I know now how those firemen felt
December 1945: I am a little girl in Michigan, and at the moment am excited beyond control. My tiny heart is pounding out of my chest. I am watching out the window and anticipating the ringing of the doorbell any minute, and I know that once again there will be no disappointments.
I can count on the fact that when we open the door, the Blue Angels will be standing there, fresh fallen snow on their shoulders and bigger-than-life smiles on their cold faces.
They are the local firemen dressed in their blue dress uniforms with shiny badges, the firemen who will make sure that the families without means will not go without Christmas gifts.
I am no longer a little girl, although I am feeling exactly the same as when I saw the firemen. My heart is once again pounding. I look up at my husband, Lee, walking beside me in the deep snow. He seems somehow even taller than usual and much bigger. He walks proudly with his head high, carefully balancing the boxes of gifts. He looks at me and smiles, wrinkling his eyes. We both know what the other is thinking. Our snow boots make squeaking sounds as they burrow down into several inches of snow. We are slowly approaching the home of a well-deserving senior citizen, and we are thrilled to be the bearers of gifts.
There are canned vegetables, fruits and meats, including a ham. There is a lap throw for warmth, fresh fruit, necessary paper products and many other miscellaneous items that most of us need and some can’t afford. There is also a cash gift for the senior to get something that perhaps we had not thought of.
We ring the doorbell and are met warmly by a smiling angelic face, a woman who is alone except for her cat, and in need of many things due to a lack of money, but certainly not a lack of medical problems.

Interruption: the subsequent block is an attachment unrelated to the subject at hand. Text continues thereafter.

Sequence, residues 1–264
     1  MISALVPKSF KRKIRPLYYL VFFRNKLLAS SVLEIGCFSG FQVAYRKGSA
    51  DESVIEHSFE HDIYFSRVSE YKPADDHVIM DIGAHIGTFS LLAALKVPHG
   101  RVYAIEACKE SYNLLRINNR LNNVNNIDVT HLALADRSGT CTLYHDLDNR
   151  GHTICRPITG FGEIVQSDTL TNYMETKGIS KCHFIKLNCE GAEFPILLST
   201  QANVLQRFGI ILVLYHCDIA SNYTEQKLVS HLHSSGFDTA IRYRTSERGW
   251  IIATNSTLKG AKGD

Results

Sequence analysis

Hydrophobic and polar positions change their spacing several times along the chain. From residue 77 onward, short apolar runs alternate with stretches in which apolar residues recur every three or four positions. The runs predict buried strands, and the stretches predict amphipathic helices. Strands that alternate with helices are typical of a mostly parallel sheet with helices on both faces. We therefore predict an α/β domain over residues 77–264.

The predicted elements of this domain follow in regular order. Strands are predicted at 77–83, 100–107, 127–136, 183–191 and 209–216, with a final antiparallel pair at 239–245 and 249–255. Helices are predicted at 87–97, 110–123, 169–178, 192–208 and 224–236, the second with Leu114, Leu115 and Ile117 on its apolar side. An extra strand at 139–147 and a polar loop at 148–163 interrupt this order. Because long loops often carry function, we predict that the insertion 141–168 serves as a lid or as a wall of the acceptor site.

We are asked in, and we chat, excitedly going through all the things we have brought her. She is so appreciative; her eyes tear up and so do ours. After a nice visit, we give her a hug, wish her a merry Christmas and a much healthier New Year than her last.
We look at each other as we walk back through the holes made by our boots. Our eyes are still damp.
We are the fortunate bearers of gifts donated by a wonderful organization called the Minden/Douglas Elks Lodge. They donate to several seniors every year, those who are chosen through the senior center. This is only one of the many things they do all year. All of their fund-raising proceeds go back into the community.
A lot of volunteers work hard all year. Most of them never need recognition. They do it year after year (Carson City also has an Elks lodge, which I’m sure does the same generous thing).
Lee and I just happened to be two of the lucky few who had the pleasure of meeting one of the recipients. It made Christmas very special for us. We would do it again and again.
Now I know how the firemen felt.
Merry Christmas and happy new year to everyone.
Judie Hartwick is a resident of Carson City.